ESC06782

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The paired 36″ “split-vert” cameras rank as one of the great (albeit less publicized) British inventions of the war. The long focal-length of the ...

ESC06782

The paired 36″ “split-vert” cameras rank as one of the great (albeit less publicized) British inventions of the war. The long focal-length of the lens allowed to capture even intricate ground detail from the heights as large as 35,000 feet on which the PR aircraft usually operated.

Simultaneous use of two cameras did not only increase the area covered by the photographs. Using specialized viewing equipment, the photo-interpreters could view the ground surface in stereo – or, as we would say today, 3D. Stereoscopic viewing was invaluable for interpreting three-dimensional shapes and greatly aided recognition of small objects. Many of the great photo intelligence successes of the war, including the discovery and follow-up of the notorious German V-weapons in Peenemunde, would have been much harder without the benefit of the stereo.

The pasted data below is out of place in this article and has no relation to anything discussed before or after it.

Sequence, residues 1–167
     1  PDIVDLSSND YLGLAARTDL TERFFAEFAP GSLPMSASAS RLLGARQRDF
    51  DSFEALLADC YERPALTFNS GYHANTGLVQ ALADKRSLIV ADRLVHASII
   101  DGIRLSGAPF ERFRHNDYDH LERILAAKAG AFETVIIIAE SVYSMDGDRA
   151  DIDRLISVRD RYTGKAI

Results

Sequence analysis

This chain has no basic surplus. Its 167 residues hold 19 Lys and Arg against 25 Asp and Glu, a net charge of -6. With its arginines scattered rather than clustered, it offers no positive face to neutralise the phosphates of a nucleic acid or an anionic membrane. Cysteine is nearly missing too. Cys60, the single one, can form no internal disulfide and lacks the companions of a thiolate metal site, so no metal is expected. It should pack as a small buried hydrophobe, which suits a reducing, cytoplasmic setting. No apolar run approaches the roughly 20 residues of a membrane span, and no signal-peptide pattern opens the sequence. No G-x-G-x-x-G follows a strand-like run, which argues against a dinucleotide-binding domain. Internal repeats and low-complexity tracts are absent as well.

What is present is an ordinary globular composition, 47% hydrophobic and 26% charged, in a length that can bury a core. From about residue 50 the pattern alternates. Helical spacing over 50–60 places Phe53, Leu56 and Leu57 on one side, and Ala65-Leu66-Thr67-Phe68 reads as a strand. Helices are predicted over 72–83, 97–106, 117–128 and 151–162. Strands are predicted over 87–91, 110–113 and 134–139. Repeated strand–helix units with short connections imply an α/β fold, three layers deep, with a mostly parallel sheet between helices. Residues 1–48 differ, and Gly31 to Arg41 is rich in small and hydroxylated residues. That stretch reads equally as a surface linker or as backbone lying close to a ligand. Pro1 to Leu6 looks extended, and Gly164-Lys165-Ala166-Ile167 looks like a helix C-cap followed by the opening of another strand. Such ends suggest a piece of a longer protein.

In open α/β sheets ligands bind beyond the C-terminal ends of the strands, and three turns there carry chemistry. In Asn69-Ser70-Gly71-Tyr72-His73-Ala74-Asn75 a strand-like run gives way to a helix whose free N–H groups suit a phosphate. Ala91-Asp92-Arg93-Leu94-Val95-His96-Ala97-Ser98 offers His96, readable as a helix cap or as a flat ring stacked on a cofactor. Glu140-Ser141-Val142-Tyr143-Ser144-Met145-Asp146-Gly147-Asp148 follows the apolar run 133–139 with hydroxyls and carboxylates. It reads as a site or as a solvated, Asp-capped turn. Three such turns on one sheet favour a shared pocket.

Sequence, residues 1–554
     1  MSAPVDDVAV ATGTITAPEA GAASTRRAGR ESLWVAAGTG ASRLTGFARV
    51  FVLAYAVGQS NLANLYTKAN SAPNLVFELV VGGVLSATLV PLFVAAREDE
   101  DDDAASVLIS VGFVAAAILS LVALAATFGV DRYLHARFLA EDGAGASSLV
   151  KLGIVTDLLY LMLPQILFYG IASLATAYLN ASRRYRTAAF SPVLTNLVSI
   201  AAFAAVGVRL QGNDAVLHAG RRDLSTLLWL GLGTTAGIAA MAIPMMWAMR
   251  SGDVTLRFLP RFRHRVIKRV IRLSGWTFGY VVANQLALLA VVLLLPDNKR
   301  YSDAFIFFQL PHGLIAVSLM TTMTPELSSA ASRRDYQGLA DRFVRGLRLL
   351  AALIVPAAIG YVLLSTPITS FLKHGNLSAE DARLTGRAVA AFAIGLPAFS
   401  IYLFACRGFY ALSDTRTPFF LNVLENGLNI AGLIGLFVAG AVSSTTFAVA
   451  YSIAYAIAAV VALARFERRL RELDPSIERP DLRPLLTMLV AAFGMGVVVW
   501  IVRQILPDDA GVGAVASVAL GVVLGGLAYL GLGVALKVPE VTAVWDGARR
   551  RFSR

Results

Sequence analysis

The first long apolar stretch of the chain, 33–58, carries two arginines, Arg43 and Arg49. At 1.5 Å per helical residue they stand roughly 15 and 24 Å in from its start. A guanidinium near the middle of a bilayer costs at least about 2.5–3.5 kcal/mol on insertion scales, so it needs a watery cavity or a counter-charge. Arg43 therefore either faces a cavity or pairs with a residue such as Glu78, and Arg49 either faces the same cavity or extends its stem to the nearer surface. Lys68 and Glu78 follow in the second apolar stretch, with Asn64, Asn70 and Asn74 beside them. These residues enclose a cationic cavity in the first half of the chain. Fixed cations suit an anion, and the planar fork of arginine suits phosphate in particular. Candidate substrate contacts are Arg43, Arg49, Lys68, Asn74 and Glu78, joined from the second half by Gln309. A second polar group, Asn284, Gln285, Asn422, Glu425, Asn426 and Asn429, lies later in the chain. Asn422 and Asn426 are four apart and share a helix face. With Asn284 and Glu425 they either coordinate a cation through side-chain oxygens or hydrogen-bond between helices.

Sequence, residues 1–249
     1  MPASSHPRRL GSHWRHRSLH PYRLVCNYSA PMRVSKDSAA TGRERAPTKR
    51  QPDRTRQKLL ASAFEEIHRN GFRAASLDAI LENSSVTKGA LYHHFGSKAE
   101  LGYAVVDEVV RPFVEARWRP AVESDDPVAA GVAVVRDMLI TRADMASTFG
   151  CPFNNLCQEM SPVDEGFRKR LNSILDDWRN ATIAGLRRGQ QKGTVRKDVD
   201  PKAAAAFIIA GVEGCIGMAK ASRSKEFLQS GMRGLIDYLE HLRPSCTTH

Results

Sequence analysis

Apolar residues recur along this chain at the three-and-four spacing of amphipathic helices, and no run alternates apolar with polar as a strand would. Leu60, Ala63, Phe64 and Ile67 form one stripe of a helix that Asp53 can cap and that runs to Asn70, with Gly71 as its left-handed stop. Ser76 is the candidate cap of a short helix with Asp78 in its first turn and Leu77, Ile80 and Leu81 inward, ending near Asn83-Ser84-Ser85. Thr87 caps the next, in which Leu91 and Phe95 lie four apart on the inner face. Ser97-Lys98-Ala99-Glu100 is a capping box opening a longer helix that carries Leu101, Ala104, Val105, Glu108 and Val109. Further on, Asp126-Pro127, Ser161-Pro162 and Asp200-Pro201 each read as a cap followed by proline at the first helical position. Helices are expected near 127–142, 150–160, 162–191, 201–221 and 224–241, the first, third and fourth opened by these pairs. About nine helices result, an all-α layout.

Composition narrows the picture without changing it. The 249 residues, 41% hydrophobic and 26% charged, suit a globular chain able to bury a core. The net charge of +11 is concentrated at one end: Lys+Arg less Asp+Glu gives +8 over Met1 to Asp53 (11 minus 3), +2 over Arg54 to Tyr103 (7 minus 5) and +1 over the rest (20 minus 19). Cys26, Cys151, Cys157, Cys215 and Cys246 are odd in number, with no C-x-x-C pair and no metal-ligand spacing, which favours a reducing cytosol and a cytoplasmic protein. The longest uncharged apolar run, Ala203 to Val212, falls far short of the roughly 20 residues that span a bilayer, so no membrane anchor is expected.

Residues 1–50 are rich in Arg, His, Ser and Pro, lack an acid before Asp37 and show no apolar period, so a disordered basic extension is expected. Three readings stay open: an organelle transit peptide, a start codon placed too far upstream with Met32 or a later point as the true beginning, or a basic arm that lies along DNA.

The development of these high-quality cameras during the first war years was a prerequisite for the outstanding success of the British and American photo-reconaissance units during the war.

2 Comments

By Mick Gladwin  |  2011-12-08 at 07:33  |  permalink

The cameras are F.52 fitted with 36″ focal length lenses.

By Ben Micklem  |  2014-10-29 at 20:21  |  permalink

The split verticals were used to increase coverage, as described. They did not have the 60%+ overlap required for stereo imaging, and even if they did, they are so close together that at 6 miles from the subject, no 3D effect would be present.

The stereo pairs were taken from overlapping time sequence photos, the aircraft having moved a considerable distance in the few seconds between frames, giving the separation of viewpoint required for a 3D effect when viewed with a stereoscope.

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